The underrepresentation of women in tech jobs has been a longstanding issue in the industry, leading to a lack of diversity and innovation. Only 26.7% of tech-related jobs are held by women. However, the rise of #NoCode is helping to break down these barriers and provide opportunities for women in tech industry.
Quixy brought together a panel of distinguished speakers on March 8th to celebrate and explore #NoCode’s impact on women in the tech industry. The event highlighted the inspiring stories of women who have broken the barriers in the tech industry with innovative ideas, solutions, and #NoCode.
The panel discussion was organized by Quixy & moderated by Misha Porwal; & speakers were Lacey Kesler from Webflow, Claudia Cafeo from No Code Ops, Katt Risen from nocode-exits.com, Madhuri Maram from Nocoloco, Zeng from Femmestock, and Avanthi Amara from Quixy. Each speaker shared their experiences of how #NoCode has transformed their professional life and the opportunities they see for women.
Madhuri Maram, Founder & a majority owner of a women owned design & no-code agency, spoke on how #NoCode is changing the tech landscape and the opportunities it provides for women. She noted that women tend to pressure themselves to be perfect, but #NoCode allows them to test ideas and fix them quickly. Moreover, she pointed out that #NoCode tools enable women to launch their startups without needing technical cofounders, which has opened doors for many women in the industry.
The event highlighted how #NoCode empowers women to break down barriers and pursue careers in tech industry. By providing accessible tools and resources, women can now innovate, create and scale their tech businesses easily.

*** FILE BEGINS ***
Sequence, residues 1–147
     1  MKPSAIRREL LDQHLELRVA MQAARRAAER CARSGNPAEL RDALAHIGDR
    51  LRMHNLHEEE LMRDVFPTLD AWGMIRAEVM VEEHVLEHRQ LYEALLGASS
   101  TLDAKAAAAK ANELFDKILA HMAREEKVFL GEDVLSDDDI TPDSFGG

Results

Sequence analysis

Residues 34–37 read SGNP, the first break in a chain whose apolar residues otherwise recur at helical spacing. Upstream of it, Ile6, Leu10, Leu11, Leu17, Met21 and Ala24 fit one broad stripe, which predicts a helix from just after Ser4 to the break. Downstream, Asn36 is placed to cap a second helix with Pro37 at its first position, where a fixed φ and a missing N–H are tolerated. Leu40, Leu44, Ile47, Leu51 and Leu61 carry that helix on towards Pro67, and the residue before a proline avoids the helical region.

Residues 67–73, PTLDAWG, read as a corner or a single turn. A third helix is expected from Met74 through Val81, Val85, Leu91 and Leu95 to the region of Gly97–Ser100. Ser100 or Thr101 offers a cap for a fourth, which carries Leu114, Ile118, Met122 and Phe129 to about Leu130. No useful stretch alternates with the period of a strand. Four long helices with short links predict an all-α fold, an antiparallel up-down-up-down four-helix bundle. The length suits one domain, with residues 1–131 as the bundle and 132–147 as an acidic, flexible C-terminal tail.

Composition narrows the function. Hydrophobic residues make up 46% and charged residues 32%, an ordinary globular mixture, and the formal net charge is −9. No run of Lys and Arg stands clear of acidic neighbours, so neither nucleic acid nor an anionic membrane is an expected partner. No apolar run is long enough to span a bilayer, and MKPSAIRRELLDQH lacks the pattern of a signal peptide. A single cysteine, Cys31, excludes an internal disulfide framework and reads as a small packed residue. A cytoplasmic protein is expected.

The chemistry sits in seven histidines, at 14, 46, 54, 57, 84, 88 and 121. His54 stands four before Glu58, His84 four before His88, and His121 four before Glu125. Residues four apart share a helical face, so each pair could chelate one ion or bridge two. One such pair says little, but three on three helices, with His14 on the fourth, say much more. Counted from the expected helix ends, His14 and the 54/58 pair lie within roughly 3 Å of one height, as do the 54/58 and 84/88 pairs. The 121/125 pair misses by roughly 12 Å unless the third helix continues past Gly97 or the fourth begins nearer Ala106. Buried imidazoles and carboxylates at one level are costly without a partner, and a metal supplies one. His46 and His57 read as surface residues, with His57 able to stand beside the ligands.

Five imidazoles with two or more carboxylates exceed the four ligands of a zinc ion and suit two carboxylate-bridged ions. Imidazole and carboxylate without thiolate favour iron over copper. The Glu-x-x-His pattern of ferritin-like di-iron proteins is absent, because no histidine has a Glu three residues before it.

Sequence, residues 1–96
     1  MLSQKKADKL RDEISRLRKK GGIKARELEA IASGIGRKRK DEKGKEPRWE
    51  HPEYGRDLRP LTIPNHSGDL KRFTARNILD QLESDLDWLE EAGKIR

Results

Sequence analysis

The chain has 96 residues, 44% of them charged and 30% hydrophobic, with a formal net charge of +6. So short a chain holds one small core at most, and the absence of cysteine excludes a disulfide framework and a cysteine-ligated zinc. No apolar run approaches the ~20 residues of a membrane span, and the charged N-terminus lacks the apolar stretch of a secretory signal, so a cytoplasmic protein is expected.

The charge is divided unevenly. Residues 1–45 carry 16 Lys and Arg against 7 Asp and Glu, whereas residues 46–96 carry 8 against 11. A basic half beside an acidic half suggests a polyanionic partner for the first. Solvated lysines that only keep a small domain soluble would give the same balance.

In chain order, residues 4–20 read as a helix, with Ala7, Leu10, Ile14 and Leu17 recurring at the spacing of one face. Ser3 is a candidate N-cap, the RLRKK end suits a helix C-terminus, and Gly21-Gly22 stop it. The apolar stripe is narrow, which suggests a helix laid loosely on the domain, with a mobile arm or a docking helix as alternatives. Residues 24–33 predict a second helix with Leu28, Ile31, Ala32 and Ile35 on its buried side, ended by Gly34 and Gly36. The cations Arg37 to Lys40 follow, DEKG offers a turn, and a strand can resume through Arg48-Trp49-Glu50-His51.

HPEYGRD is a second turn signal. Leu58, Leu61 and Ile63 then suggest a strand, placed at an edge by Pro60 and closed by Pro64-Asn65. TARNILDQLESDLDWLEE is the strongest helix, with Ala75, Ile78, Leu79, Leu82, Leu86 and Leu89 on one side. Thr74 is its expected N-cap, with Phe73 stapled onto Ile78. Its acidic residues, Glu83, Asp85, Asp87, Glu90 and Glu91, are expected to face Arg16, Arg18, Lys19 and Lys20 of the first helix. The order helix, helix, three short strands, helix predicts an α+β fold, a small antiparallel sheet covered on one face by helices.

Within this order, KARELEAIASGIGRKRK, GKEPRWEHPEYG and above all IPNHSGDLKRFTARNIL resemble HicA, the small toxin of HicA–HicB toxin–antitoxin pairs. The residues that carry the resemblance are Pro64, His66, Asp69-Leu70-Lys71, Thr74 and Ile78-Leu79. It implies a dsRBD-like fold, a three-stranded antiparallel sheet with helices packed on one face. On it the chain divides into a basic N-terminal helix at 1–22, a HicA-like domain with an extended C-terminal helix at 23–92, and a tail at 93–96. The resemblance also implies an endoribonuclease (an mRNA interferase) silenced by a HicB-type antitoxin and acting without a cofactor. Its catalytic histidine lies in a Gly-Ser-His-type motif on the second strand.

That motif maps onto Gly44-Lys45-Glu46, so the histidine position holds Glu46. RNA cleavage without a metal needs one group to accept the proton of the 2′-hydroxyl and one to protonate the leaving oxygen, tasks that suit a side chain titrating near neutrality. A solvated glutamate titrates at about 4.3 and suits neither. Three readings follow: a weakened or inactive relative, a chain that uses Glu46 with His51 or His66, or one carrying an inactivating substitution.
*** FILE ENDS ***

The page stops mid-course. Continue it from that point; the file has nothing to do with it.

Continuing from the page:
Katt shared how she became interested in no-code tech and what inspired her. She always had the urge to build her projects. She tried it many times with friends, coming up with ideas, buying domain names, creating logos, and using builders with many features, but they would not be able to code, so they would try to find a technical person to help. But it cost a lot of money, and they didn’t have the right approach. They didn’t think about which ideas were real problems or could be monetized, and they never talked to users.
Katt attempted this around 56 times, but the projects resulted in nothing. That’s when she learned to no-code. She also learned about the lean mindset, which taught her to focus on the clear value proposition and core benefit for the user, not to include too many features, and validate the idea with users. Katt realized that having deep knowledge of no-code opened many doors for business opportunities. She advised that when building a product with no-code, focus on the MVP with one core feature, talk to users, and validate the idea. No-code helped her ship multiple small projects that she could monetize and help solve specific problems.